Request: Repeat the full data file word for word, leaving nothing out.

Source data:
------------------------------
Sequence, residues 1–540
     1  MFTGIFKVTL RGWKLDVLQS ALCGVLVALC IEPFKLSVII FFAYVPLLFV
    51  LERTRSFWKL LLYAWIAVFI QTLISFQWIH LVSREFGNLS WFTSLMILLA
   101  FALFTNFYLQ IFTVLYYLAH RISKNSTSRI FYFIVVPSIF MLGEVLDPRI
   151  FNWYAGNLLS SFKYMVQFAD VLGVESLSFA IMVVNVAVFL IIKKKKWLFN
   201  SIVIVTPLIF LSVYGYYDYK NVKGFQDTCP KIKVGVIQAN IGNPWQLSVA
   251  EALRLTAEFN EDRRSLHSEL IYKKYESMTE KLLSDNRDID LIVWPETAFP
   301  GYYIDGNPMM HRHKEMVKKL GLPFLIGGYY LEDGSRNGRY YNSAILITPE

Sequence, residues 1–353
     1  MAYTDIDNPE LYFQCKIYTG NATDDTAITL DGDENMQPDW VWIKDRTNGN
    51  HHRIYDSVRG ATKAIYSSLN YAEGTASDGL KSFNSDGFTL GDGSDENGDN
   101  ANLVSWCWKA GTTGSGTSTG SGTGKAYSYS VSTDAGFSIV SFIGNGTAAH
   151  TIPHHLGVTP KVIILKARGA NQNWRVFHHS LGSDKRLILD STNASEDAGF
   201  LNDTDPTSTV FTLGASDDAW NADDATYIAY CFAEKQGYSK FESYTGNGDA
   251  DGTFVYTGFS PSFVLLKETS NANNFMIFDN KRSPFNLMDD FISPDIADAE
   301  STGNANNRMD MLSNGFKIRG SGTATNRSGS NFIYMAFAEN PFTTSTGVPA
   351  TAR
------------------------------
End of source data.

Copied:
Sequence, residues 1–540
     1  MFTGIFKVTL RGWKLDVLQS ALCGVLVALC IEPFKLSVII FFAYVPLLFV
    51  LERTRSFWKL LLYAWIAVFI QTLISFQWIH LVSREFGNLS WFTSLMILLA
   101  FALFTNFYLQ IFTVLYYLAH RISKNSTSRI FYFIVVPSIF MLGEVLDPRI
   151  FNWYAGNLLS SFKYMVQFAD VLGVESLSFA IMVVNVAVFL IIKKKKWLFN
   201  SIVIVTPLIF LSVYGYYDYK NVKGFQDTCP KIKVGVIQAN IGNPWQLSVA
   251  EALRLTAEFN EDRRSLHSEL IYKKYESMTE KLLSDNRDID LIVWPETAFP
   301  GYYIDGNPMM HRHKEMVKKL GLPFLIGGYY LEDGSRNGRY YNSAILITPE

Sequence, residues 1–353
     1  MAYTDIDNPE LYFQCKIYTG NATDDTAITL DGDENMQPDW VWIKDRTNGN
    51  HHRIYDSVRG ATKAIYSSLN YAEGTASDGL KSFNSDGFTL GDGSDENGDN
   101  ANLVSWCWKA GTTGSGTSTG SGTGKAYSYS VSTDAGFSIV SFIGNGTAAH
   151  TIPHHLGVTP KVIILKARGA NQNWRVFHHS LGSDKRLILD STNASEDAGF
   201  LNDTDPTSTV FTLGASDDAW NADDATYIAY CFAEKQGYSK FESYTGNGDA
   251  DGTFVYTGFS PSFVLLKETS NANNFMIFDN KRSPFNLMDD FISPDIADAE
   301  STGNANNRMD MLSNGFKIRG SGTATNRSGS NFIYMAFAEN PFTTSTGVPA
   351  TAR